It may behoove the veterinary profession to take a look at the work of companies like Google. Much of the work carried out at Google is done by teams (sound familiar) and researchers at google have taken the time to look at the secret of effective teams. Project Aristotle, a code name based on Aristotle’s quote “the whole is greater than the sum of its parts” was Googles attempt to answer the question “What makes an effective team?”The results shouldn’t surprise us and yet I see our profession still struggling to get this right. Without getting into a long winded discussion about what constitutes a team, (an interdependent work group that plans, solves problems and needs each other to get shit done) and what constitutes effective (depends on the situation but lets just say its getting the shit done that your team leader wants you to get done in an efficient, cost effective and timely fashion) what did Google’s Project Aristotle learn?After accounting for bias and other variables as well as conducting hundreds of double blind interviews, what came through loud and clear was this. What made a difference to team effectiveness was less about who was on the team and more about how the team worked together. Sorry all you smarty pants but just because your team is full of people with a high IQ, it does not necessarily have a positive correlation with positive outcomes and an effective team. In order of importance, here are the things that had the biggest positive impact on team performance:
1. Psycological safety: This refers to the individuals perception of the consequences of taking and interpersonal risk. In lay terms it is feeling safe to speak up without fear of consequences. Do your team mates have your back and create a safe space for dissenting opinions without fear of belittling, punishment or embarrassment.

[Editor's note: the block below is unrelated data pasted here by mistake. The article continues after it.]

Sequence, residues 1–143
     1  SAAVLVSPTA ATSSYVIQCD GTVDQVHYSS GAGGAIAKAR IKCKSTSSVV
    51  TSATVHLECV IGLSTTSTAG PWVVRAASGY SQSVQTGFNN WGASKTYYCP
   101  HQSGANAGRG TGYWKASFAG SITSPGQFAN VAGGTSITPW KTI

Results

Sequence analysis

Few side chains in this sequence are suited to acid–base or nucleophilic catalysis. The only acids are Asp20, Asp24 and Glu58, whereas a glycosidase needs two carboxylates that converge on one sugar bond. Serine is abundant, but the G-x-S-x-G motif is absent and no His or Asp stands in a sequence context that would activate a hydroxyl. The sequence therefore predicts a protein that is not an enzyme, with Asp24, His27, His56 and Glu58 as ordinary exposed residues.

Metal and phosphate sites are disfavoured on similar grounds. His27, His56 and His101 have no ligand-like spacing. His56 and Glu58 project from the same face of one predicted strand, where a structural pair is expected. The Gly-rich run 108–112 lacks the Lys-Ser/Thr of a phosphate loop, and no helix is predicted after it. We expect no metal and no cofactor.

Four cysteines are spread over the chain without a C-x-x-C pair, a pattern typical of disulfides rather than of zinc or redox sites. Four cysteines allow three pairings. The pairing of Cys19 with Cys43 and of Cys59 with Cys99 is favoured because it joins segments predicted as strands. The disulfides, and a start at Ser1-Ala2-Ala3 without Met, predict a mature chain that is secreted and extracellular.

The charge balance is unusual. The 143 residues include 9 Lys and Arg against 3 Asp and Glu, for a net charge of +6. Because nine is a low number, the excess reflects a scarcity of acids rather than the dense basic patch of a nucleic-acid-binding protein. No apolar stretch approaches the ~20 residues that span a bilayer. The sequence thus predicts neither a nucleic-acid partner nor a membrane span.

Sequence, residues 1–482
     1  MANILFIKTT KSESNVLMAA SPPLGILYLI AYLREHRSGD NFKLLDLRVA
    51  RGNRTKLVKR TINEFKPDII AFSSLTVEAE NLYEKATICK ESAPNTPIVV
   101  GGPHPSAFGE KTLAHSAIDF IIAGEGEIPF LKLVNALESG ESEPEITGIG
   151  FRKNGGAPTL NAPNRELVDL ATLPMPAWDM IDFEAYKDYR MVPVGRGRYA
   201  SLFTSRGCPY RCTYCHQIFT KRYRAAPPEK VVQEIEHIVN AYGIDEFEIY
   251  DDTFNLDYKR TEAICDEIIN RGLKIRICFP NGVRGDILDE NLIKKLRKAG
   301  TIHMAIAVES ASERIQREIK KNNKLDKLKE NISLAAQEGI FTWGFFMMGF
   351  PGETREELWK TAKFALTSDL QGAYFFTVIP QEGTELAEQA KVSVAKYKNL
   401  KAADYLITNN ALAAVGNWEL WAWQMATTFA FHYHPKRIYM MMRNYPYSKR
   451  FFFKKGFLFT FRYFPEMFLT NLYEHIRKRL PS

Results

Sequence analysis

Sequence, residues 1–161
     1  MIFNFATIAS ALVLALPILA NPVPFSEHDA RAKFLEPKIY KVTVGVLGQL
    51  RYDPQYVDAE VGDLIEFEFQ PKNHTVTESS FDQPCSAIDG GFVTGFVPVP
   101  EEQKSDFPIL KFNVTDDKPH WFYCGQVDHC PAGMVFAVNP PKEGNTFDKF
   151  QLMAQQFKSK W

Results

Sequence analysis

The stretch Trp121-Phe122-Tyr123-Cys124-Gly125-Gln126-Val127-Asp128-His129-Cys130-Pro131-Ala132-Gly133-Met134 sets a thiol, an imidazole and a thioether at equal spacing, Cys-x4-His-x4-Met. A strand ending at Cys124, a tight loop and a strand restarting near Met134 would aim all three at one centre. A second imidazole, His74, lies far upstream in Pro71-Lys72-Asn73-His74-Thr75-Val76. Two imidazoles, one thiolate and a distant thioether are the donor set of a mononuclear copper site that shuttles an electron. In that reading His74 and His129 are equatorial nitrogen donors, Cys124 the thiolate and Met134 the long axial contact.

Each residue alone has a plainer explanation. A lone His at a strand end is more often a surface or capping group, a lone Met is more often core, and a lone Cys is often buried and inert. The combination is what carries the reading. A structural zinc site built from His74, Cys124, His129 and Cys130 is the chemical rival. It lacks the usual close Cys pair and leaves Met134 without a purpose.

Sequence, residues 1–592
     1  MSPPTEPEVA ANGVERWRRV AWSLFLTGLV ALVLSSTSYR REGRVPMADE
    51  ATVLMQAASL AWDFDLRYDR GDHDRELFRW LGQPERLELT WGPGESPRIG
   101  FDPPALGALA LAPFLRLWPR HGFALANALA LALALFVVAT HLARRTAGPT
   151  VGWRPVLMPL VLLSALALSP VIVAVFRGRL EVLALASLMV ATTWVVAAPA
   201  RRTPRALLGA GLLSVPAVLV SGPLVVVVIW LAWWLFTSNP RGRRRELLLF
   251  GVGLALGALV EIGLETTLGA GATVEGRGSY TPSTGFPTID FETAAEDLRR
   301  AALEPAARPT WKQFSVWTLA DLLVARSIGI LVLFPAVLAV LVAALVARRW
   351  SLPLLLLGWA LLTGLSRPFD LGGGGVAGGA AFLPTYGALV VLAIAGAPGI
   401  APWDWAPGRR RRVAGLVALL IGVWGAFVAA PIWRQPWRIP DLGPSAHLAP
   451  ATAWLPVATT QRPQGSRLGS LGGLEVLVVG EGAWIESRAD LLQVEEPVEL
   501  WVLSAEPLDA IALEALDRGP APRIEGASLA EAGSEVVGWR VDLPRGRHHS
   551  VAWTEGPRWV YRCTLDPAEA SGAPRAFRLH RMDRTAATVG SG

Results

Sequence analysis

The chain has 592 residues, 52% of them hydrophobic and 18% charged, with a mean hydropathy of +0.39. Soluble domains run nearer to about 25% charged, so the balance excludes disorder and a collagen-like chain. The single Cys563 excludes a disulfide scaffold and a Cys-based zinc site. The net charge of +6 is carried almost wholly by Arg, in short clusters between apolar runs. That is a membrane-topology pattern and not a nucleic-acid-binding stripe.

2.Dependability:Members reliably complete work on time with no shirking of responsibility.
3.Structure and Clarity:Individuals understand their role on the team and have a clearunderstanding of expectations and consequences.
4.Meaning:Finding a sense of purpose in either the work itself or the outcome.
5.Impact: The subjective judgement that your work is making a difference.
Finally I would like to add my own 2 cents, for what it is worth:
6.Appreciation: Team members need to feel their work is not only meaningful and impactful but also appreciated. A heartfelt thank you goes a long way, whether from the team leader, team mates or the public you serve.
A veterinary volunteer projects is a special type of team. In order to meet its goals, it has to find a way satisfy all these positive predictive factors in a very short period of time. Add to this the fact that volunteers come from a widely diverse set of experiences, backgrounds and represent a wide range of personality types. Finally consider that many volunteers are experiencing various levels of culture shock and personal discomfort as they are visiting a new country where weather, food and cultural conditions may be vastly different from “home”. Considering all of this, it amazes me that any veterinary project can strive to meet the criteria of effective teams as laid out by Google’s Project Aristotle, and yet the Mazunte Project succeeds in doing just that.(See “Adventure Awaits: Reflections on Hobbits, Home and Veterinary Volunteerism” for more tips on what to look for in a volunteer project abroad.)